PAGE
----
A Nobel Prize in Modica

Among period buildings, cathedrals and churches, Modica offers its citizens and tourists a place of memory. The idea comes from the bond that exists between the Hyblaean city and an illustrious Italian poet. On 20 August 1901, Salvatore Quasimodo was born in Modica.
Palazzo QuasimodoHe was one of the most important poets and translators of Italian literature.
Quasimodo wrote works of enormous value that led him to win the Nobel Prize for Literature in 1959. Hence the idea to restore the house where the poet was born and turn it into a birthplace museum dedicated to him.
The Museo Casa Natale Salvatore Quasimodo (Salvatore Quasimodo Birthplace Museum) offers the chance to see the room where the Italian poet saw the first light of day, and much more!
In fact, there are also collections of many of the objects that belonged to Salvatore Quasimodo, including some photographs and the furniture from his Milan studio.
This is an opportunity to get to know Quasimodo and enter into contact with the reality of a bygone era that is increasingly distant from us.

Garden of Novices and the restorations by Giancarlo De Carlo

The triumph of Baroque: expansion of spaces

The senses tell the story of the Church of Santa Maria del Monte

The senses tell about Palazzo Zacco

Geometry and wonder in civic architecture in the Baroque of the Val di Noto

The church and the college

Altars, saints and sculptural works

The illusion of light and the decorative splendour

The city within the city

The senses tell the story of the Sanctuary Church of Santa Maria della Stella

One city, three sites

The church of San Nicolò l’Arena: the majesty of an unfinished beauty

The senses tell the story of the Church of San Giovanni Evangelista

Scenography, lights and colours of the cathedral

The Franciscan convent

Unusual iconographies: the Burgos crucifix

A new site for the church of San Giorgio

The eagle-shaped city

A stone garden

The senses tell of Palazzo della Cancelleria

The freedom of worship and the Catholic Church’s role in the diffusion of Baroque

The interiors: diffused light and Byzantine relics

From the end of the world to rebirth from the rubble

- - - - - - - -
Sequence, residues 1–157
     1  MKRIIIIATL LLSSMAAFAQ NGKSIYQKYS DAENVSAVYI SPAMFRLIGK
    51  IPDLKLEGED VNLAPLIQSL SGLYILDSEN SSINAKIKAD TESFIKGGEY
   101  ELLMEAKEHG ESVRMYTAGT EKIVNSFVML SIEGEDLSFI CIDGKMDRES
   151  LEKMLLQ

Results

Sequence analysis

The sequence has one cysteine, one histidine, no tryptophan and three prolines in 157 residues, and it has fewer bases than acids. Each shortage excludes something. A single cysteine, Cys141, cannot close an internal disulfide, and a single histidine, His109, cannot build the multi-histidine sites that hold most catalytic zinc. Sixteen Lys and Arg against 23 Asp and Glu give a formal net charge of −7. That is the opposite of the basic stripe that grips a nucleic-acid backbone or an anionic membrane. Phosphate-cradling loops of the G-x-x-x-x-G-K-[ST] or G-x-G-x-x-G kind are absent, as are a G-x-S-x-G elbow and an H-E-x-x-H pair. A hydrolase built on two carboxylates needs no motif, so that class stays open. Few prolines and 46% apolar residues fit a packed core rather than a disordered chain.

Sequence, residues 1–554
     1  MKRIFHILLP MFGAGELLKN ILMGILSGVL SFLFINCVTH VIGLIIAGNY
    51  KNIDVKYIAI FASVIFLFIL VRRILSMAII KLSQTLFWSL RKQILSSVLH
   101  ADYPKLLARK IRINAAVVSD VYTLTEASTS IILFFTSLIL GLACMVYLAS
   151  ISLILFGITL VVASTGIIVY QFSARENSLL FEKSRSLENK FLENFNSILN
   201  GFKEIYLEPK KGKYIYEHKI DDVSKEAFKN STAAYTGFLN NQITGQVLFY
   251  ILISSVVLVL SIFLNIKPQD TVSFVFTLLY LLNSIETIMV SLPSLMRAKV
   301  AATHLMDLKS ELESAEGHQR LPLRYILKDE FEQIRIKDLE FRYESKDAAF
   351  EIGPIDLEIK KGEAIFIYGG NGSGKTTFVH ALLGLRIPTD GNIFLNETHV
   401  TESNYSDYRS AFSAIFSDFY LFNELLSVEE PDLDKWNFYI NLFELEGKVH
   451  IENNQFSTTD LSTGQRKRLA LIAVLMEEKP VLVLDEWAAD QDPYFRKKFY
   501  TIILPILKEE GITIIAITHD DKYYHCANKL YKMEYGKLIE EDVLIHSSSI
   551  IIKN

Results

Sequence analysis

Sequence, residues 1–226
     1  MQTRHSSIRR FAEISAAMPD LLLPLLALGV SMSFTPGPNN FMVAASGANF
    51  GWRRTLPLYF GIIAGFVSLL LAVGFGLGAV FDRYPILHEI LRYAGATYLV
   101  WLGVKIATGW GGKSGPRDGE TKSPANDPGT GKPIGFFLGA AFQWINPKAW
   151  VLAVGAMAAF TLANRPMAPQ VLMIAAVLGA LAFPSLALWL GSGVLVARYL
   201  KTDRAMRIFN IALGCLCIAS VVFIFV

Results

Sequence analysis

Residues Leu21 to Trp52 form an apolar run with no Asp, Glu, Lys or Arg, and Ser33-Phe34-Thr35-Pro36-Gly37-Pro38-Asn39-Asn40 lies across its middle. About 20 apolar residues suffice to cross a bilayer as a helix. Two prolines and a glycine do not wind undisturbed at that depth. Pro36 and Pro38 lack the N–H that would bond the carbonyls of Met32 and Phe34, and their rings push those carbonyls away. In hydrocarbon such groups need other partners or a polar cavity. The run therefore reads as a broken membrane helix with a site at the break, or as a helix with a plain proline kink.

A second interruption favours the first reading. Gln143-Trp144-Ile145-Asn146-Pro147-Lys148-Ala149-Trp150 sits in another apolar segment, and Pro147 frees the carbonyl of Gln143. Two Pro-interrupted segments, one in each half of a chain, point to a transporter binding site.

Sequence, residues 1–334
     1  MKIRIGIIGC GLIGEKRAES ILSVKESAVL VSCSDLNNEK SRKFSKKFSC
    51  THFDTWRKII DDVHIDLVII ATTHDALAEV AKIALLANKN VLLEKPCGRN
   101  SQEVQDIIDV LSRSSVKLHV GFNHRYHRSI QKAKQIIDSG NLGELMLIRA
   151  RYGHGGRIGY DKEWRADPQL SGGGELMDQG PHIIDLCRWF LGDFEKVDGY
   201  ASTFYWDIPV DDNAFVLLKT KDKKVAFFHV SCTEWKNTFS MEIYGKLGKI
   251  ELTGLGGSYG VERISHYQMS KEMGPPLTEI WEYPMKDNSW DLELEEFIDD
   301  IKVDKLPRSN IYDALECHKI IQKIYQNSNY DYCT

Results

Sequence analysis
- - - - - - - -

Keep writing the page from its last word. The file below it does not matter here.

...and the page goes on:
The Church of St. Julian on Via dei Crociferi

Barresi-Branciforte: the lords of the fiefdom and the modernisation of the town

Expanded spaces, stucco and colourful lights

Fountain of the Nymph Zizza: public water in the town

The works in the church

The senses tell of the Cathedral of San Pietro

Verticality and dynamism of the façade of the Church of San Carlo

The senses tell the Cathedral of Sant’Agata

The Church of St. Paul

Reconstruction after the earthquake

The Church of Madonna della Stella

The senses tell the Church of San Michele

The senses tell the story of the Church of San Carlo and the former Jesuit college

The senses tell about Palazzo Ducezio

A heritage of votive works

The smallest Greek theatre in the world

Baroque creativity: recurring themes

A compromise between Neoclassicism and Baroque

The palace, the town, the church

Scicli, the city of Baroque scenery

The new roads of the city

The Badia di Sant’Agata (St. Agatha’s Abbey)

City and nature

The Duomo di San Giorgio (Cathedral of St. George)

The interior and works of art

The Madonna dei Conadomini and the art of devotion

The senses tell the Cathedral of San Giorgio

The dynamics of the Church of San Michele

The Palazzo dei due mori

Luminous sacred spaces

The Church of St. Mary of the Mountain

Views denied, views conquered: the power of the devout Benedictines

The expansion of space and changing reality

St. Agatha and the candelore

Madonna of the Militia: a singular warrior virgin

The Antonino Uccello Birthplace Museum

Akrai and Syracuse: an unbreakable bond

Virtuosity, decorations and altars

The articulated interior spaces

The senses tell the story of the Church of San Paolo

The city of Modica, a balance between nature and urbanism

The city palace

Art in the cathedral

Expansion, spatiality and light in the church of San Domenico

Militello: The story of an enlightened fiefdom

The Infiorata of Noto, a modern tradition

The casket of austerity under the great dome

The senses tell the Cathedral of San Giorgio

The Monte delle Prestanze in the new city layout

San Domenico and Gagliardi’s work

The Staircase of Angels

The art of maiolica

The Church of St. John the Evangelist

The senses tell the story of the Church of San Benedetto

A story of rebirth

The senses tell about Palazzo Beneventano

The church and the monastery

Rebirth and urban planning of the city of Noto

Palazzo Zacco, a balance between sobriety and decoration

The two churches

The Benedictines’ library

The senses tell the Church of San Domenico

The neo-Gothic seminary chapel: symbols, light and space

The senses tell about Palazzo Trigona

The Church of St. Francis

The Church of St. Benedict

A Nobel Prize in Modica

The interior of the church: space and colour

The senses tell the Benedictine Monastery and the Church of San Nicolò l’Arena

Palazzo Trigona: a building with a complex shape

The Monastery of the Benedictine nuns

Religious architecture

Palazzo della Cancelleria: from former stable to the Nicastro family

The beginning of an authentic Baroque conception

Palazzo Trigona di Canicarao

The senses tell the story of the Church of San Giuliano ai Crociferi

Piazza Duomo, the elephant fountain, the heart of the city

A casket of precious works

Scenography and devotion for St. Agatha

A unifying project for the city of Catania

Baroque and the loss of balance in the 16th century

The senses tell the story of the Church of the Badia di Sant’Agata

Majestic exteriors, grandiose interiors